Since the early 1980s scholars have recognized that small businesses have certain unique characteristics that questioned the extension of existing management and business ideas to the small business domain (d'Amboise & Muldowney, 1988; Welsh & White, 1981). In particular, Welsh and White (1981) argued that small businesses experience a condition they labeled "resource poverty" resulting primarily from their small size. This condition includes the tendency for small businesses to exist in highly fragmented industries and have limited access to capital funds for growth or weathering tough economic times. Highly fragmented industries involve a multitude of competitors resulting in a tendency to move toward an industry-wide emphasis on low price competition, eroding profit margins (Porter, 1985). Shrinking profit margins and limited access to capital in the context of low price competition puts small businesses in a situation similar to an individual living "paycheck to paycheck," making it challenging to survive even short economic downturns, and restricting funds available for investors, employee training, and other operational and growth-oriented investments.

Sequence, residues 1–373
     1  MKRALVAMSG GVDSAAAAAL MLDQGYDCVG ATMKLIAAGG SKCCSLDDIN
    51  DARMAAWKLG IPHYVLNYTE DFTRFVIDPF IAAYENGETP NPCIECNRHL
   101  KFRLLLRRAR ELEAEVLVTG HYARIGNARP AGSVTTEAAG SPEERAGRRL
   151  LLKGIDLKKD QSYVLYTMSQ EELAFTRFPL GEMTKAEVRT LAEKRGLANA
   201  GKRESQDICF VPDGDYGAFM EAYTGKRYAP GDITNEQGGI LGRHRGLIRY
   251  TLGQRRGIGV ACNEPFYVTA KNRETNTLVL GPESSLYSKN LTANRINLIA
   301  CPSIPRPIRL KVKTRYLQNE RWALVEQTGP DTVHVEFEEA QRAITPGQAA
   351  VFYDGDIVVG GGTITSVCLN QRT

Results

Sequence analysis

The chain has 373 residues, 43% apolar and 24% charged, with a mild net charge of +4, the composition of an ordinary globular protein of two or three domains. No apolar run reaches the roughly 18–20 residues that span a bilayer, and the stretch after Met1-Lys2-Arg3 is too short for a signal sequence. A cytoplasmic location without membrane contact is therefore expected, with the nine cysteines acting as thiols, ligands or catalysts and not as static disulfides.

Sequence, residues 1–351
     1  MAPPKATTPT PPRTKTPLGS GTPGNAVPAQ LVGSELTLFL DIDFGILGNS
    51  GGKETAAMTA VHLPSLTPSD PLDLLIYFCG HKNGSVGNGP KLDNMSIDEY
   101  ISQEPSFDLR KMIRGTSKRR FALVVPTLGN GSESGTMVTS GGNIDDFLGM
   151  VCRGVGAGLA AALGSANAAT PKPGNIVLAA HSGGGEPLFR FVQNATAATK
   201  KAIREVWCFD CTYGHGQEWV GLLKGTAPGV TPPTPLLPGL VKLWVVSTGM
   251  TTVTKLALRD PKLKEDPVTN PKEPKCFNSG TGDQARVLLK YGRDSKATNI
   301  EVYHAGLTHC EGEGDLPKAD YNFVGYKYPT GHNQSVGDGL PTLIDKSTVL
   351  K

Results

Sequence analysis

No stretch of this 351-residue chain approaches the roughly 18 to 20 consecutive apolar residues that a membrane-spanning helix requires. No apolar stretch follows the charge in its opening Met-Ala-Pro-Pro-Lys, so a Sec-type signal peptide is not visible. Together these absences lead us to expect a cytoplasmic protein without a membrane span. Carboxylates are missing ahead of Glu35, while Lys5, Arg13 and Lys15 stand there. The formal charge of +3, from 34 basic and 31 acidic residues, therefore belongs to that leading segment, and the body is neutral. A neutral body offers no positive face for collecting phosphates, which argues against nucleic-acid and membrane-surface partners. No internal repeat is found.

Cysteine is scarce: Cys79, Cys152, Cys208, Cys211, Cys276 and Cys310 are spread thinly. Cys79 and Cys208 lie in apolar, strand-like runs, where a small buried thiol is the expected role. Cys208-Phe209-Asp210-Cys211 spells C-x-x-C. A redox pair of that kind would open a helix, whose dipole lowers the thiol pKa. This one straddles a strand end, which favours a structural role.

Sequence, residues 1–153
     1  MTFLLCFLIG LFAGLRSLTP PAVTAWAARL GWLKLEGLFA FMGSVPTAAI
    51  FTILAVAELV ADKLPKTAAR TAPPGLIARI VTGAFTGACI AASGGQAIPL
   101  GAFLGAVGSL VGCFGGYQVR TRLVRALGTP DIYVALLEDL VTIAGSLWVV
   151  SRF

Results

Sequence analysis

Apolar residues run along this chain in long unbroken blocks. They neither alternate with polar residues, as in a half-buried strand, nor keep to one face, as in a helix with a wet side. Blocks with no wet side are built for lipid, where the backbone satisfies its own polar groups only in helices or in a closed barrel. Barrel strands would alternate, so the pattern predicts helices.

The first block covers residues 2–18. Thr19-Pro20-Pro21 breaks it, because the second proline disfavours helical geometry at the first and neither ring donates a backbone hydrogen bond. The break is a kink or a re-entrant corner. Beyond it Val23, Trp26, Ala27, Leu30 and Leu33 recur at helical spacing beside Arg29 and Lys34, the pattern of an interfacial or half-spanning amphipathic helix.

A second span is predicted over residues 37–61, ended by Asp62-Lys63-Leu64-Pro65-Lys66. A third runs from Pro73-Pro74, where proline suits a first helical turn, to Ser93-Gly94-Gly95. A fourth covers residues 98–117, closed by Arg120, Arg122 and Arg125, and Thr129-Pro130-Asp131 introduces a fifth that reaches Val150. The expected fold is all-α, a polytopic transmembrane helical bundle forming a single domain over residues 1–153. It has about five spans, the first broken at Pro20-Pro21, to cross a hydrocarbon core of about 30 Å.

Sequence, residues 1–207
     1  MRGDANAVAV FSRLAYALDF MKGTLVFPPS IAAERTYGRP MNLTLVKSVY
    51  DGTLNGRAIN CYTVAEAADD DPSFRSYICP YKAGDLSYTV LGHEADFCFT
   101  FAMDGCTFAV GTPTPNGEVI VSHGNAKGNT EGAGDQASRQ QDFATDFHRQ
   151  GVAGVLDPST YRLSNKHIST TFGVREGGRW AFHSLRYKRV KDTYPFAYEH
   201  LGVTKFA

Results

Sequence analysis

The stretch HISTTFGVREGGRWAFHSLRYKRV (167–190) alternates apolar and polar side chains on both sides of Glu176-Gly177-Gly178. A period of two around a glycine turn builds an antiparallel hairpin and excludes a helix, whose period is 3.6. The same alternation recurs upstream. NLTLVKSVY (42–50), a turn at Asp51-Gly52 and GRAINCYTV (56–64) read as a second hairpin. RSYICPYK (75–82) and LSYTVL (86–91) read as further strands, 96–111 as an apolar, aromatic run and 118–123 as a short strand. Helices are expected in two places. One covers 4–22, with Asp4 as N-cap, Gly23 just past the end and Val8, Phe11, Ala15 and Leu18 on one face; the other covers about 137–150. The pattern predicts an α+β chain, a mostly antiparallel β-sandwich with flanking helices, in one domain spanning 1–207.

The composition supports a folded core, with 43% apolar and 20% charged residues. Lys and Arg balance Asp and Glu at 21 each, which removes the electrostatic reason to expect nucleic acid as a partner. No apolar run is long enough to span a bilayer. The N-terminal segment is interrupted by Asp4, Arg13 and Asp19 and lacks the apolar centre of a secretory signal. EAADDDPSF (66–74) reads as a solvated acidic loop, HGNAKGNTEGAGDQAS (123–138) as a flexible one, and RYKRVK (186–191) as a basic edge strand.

Recent data support Welsh and White's (1981) claims regarding small business resource poverty. For example, analyzing data on U.S. small businesses Shane (2008) found that most small businesses are started in industries with myriad competitors and subsequently less attractive profit margins. In addition, the IRS suggests that while the smallest businesses represent about 58% of all the small businesses in the U.S., they generate less than 15% of the profits (Quantra Strategies, LLC, 2009). Restricted access to capital also magnifies the impact that external environmental forces have on small businesses. For example, reacting to a change in regulations, tax laws, or interest rates, affects a greater percentage of total expenses for a small business than a large corporation, and small businesses tend to be less diversified and less able to achieve economies of scale or access capital markets as a means to react to changes in the external environment (Dixon, Gates, Kapur, Seabury, & Talley, 2006; Welsh & White, 1981). Data from the National Federation of Independent Business (NFIB) suggest that the most pressing problems for small businesses are the costs involved in operating their firms (i.e. health insurance, energy, and electricity), business income tax, and property taxes (Phillips & Wade, 2008). This suggests that most small companies are concerned with short term financial stability and may have less time and capital for investing in growth. Ultimately, their resource poverty the reduced possession of and access to financial, human, and knowledge resources in comparison to larger businesses--means that small businesses have less margin for error, more difficultly in surviving environmental shocks and/or internal mistakes, and arguably less ability to take advantage of opportunities (Welsh & White, 1981).